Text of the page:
We may earn a commission when you buy through links in our articles. Learn more.

Al Pacino would’ve starred in an early version of Platoon

Platoon is known for containing a good, dramatic Charlie Sheen performance, but it could have been different, with Al Pacino in the lead role


It’s hard to imagine now, but before veering into comedy movies with Hot Shots in 1991, Charlie Sheen was primarily known for two dramatic roles – in 1987’s Wall Street and 1986’s Platoon – the latter of which won Best Picture. Following in the footsteps of his father Martin’s starring role in Vietnam war movie Apocalypse Now, Charlie Sheen played a semi-fictional version of writer-director Oliver Stone.

Platoon was Charlie Sheen’s breakthrough role – not that you need that much help breaking through when you’re a nepotism baby – but the film could have looked very different. Stone was trying to get it off the ground for a decade before it was made. Initially, Stone would have just been the writer, with someone more established directing.

Speaking to Entertainment Weekly on the 25th anniversary of the film, in 2011, Stone said; “It was written in ’76 and was almost made then by Sidney Lumet and Al Pacino. Then there was a period in ’84 when Michael Cimino was going to produce it and Emilio Estevez (Charlie Sheen’s brother) was going to play the role, actually. Kevin Costner passed on it, I believe, because his brother had been in Vietnam.”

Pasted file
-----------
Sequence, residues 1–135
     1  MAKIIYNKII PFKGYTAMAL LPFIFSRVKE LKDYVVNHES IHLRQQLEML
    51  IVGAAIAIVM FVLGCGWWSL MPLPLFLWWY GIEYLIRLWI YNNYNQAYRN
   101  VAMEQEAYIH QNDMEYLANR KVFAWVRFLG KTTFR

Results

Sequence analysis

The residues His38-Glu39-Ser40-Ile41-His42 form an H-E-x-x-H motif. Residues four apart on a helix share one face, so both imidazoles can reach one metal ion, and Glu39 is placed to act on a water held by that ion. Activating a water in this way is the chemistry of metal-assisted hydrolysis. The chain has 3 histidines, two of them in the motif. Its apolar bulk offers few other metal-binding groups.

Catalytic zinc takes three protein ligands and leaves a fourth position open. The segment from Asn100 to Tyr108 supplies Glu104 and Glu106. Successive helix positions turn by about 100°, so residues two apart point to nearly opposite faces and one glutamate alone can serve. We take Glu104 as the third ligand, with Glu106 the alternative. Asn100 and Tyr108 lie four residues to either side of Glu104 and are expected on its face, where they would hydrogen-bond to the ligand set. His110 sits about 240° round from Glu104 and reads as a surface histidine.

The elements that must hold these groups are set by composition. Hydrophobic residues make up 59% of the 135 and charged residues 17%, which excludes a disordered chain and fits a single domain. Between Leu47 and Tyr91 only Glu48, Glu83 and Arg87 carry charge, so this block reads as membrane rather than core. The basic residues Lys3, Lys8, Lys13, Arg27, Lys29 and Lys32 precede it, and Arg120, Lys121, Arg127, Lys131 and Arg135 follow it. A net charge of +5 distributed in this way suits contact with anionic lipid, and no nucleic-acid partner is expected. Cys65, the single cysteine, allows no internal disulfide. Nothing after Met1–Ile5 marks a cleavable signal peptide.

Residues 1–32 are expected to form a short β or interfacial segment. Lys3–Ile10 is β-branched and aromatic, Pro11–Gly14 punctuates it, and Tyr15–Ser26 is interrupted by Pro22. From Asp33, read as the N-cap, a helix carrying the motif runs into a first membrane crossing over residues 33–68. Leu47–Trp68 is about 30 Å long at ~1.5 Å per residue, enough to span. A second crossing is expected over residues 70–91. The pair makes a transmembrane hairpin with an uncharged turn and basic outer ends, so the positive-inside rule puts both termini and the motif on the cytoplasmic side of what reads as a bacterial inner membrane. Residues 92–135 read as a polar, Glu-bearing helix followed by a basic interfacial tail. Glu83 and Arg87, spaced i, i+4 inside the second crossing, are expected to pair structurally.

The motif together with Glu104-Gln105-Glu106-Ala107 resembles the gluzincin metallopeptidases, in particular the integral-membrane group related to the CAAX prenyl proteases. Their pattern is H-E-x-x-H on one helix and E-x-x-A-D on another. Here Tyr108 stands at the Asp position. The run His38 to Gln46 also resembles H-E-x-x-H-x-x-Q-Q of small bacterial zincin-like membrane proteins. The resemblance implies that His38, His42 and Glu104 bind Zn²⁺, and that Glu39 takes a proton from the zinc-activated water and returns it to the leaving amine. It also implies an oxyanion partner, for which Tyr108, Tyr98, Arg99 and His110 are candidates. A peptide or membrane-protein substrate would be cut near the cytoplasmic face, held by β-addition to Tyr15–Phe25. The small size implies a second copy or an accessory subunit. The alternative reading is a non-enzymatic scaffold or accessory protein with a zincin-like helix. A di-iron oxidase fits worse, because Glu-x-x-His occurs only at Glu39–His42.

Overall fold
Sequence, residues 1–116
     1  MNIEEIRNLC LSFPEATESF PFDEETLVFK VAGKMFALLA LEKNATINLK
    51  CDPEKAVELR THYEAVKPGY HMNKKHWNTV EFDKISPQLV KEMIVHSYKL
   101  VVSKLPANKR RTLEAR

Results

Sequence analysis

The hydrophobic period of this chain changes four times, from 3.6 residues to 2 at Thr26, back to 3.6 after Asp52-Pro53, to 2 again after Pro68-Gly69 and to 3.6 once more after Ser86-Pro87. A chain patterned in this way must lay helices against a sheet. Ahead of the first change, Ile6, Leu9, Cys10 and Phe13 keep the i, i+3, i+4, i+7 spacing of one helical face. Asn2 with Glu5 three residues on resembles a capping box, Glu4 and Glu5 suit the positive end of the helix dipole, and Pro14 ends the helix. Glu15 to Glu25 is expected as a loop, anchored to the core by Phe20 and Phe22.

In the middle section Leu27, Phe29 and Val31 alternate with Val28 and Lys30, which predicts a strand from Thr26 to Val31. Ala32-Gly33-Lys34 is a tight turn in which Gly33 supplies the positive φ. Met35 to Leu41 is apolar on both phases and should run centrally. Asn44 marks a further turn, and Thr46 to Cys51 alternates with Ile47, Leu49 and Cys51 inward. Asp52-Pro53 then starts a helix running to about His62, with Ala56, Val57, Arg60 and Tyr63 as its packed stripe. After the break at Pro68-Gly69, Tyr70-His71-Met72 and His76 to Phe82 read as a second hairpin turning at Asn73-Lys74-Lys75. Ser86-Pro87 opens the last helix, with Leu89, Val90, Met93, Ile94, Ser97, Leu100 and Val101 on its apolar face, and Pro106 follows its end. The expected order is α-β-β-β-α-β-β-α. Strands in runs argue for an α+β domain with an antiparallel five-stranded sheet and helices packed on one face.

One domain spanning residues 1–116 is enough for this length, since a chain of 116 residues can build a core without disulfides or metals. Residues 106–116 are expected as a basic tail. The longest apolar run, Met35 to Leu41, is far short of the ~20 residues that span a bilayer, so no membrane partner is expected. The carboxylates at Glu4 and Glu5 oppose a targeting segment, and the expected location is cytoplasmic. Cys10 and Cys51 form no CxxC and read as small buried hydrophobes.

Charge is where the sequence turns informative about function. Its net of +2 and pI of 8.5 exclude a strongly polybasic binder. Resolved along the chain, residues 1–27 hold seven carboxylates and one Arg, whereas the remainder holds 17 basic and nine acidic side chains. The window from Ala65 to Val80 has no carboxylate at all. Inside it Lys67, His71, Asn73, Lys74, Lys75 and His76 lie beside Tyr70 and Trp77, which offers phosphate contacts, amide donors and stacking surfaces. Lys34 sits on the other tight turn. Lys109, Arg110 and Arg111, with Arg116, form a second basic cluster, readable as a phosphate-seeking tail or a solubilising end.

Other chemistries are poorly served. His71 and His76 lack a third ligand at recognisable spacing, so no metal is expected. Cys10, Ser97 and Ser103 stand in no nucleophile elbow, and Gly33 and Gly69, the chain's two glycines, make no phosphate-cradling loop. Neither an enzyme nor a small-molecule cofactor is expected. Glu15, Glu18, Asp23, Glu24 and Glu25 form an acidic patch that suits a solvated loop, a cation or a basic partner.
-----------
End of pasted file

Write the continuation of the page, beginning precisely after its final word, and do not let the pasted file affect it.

Stone was clearly speaking several years before the release of John Wick because he added; “Keanu Reeves turned it down because of the violence. He didn’t want to do violence.”

Speaking of Sheen, Stone said; “Charlie was a dumb-struck 17-year-old the first time he came in for the film, back when we were going to make it in ’84. And in those two years, he’d grown and seemed perfectly wide-eyed and had a vaguely privileged look. I think he did a great job. He was perfect for the movie. He conveys the horror of the place. I like his performance.”

Platoon is widely considered one of the best war movies of all time, to this day. Willem Dafoe delivers a brilliant, and heart-breaking, supporting performance. But it’s hard to imagine it with different actors, including Al Pacino.